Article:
There’s a reason why American politics is perfect fodder for TV shows, movies and books – it is unpredictable and most things you hear sound more like fiction than fact. From the heights of the Kennedy reign to Trump’s ‘Green Army’ of Irish American supporters, Perry provides interviews, a high point being her interview with former President Bill Clinton, along with in-depth analysis. Are Irish Americans more prone to vote Democrat as is the long-standing belief, or have they become more conservative? Are they really a powerful voting bloc? Perry, having been a professional journalist for years, occasionally lets those years of writing reports negatively affect the flow of her story as her prose can be a little flat and too ‘fact-heavy’ which may work well in the pages of a newspaper but can feel stilted in a book. But thankfully it never hurts the drama of it all. For anyone who likes politics, the US or even just a good story, this book is the perfect read.
Available from Gill Books at all good bookstores, €19.99
The Giver of Stars by Jojo Moyes
Based on a true story, this book is about a team of women in Depression-era America who were tasked to deliver books as part of Eleanor Roosevelt’s new travelling library.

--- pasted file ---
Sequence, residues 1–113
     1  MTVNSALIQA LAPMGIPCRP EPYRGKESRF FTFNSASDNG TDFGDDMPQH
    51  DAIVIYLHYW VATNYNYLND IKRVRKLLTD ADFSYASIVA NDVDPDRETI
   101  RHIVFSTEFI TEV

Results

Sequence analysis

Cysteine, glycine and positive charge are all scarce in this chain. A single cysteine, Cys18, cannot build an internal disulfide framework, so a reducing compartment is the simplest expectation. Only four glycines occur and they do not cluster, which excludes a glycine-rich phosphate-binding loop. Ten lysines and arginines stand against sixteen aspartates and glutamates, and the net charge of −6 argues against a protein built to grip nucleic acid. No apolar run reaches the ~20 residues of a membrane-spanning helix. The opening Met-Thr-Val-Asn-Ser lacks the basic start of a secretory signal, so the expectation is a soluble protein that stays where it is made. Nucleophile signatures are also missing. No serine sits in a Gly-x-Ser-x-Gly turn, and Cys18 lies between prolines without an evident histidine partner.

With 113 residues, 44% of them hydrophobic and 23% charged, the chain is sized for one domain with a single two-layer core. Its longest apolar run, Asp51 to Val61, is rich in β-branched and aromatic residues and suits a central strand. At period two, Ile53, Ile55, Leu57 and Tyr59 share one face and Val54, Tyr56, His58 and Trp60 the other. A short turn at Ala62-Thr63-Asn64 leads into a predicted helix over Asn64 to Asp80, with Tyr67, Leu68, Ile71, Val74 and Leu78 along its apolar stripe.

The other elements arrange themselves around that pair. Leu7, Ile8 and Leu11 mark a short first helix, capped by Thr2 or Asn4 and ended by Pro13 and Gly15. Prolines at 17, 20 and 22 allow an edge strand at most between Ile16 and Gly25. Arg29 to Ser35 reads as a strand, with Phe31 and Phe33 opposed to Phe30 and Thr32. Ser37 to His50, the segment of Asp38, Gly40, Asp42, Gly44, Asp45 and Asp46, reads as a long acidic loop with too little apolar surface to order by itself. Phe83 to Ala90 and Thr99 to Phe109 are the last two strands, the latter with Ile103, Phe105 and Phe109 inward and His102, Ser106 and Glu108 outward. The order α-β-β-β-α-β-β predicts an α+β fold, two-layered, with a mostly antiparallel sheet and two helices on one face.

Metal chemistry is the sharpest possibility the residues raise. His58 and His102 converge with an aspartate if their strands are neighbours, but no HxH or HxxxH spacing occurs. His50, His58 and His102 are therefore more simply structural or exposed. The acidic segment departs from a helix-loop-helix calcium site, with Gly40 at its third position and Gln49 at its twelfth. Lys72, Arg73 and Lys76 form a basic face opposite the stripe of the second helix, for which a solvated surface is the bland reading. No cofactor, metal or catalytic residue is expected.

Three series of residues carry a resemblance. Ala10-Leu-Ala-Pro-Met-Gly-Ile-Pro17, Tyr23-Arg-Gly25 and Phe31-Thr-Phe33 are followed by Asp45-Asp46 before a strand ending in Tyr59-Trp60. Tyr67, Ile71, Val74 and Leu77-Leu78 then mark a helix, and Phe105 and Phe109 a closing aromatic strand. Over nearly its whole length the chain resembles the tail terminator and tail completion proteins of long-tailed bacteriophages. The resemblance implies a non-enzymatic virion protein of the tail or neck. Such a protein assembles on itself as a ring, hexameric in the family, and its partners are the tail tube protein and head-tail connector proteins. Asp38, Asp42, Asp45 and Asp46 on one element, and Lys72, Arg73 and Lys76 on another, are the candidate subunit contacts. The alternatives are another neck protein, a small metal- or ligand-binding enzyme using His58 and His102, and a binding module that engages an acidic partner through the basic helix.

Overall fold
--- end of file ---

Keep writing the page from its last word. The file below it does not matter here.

The title of this book doesn’t exactly tell you what you are about to read. I thought I was about to pick up a beach-read rom-com! But I couldn’t have been more wrong. Thankfully, the summary made me desperately want to read it – I’m a sucker for historical fiction about an era I had no idea about. Jojo Moyes, author of Me Before You, whose adaptation had us all weeping into our popcorn, knows how to write an emotional tale about strong, complex women. Based on the real-life Pack Horse Librarians of Kentucky who brought books to rural parts of the country, anyone who reads this already understands the power of books and the escape they provide readers. That’s exactly what the team of women offer to the places they travel to.